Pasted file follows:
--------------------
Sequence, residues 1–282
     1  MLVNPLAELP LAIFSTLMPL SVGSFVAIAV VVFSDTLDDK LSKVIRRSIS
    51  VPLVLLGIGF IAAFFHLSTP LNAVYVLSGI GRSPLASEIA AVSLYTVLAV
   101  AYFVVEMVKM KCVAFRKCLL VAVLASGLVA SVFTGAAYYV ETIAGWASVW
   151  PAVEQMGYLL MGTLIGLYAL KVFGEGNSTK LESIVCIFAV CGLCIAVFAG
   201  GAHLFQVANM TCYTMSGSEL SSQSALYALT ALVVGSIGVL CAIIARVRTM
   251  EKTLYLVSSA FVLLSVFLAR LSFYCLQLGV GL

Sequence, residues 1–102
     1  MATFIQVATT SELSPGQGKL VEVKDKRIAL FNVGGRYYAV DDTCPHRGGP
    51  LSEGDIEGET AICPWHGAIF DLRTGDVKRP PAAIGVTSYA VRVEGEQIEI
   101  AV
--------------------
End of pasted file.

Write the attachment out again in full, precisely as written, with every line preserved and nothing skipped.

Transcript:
Sequence, residues 1–282
     1  MLVNPLAELP LAIFSTLMPL SVGSFVAIAV VVFSDTLDDK LSKVIRRSIS
    51  VPLVLLGIGF IAAFFHLSTP LNAVYVLSGI GRSPLASEIA AVSLYTVLAV
   101  AYFVVEMVKM KCVAFRKCLL VAVLASGLVA SVFTGAAYYV ETIAGWASVW
   151  PAVEQMGYLL MGTLIGLYAL KVFGEGNSTK LESIVCIFAV CGLCIAVFAG
   201  GAHLFQVANM TCYTMSGSEL SSQSALYALT ALVVGSIGVL CAIIARVRTM
   251  EKTLYLVSSA FVLLSVFLAR LSFYCLQLGV GL

Sequence, residues 1–102
     1  MATFIQVATT SELSPGQGKL VEVKDKRIAL FNVGGRYYAV DDTCPHRGGP
    51  LSEGDIEGET AICPWHGAIF DLRTGDVKRP PAAIGVTSYA VRVEGEQIEI
   101  AV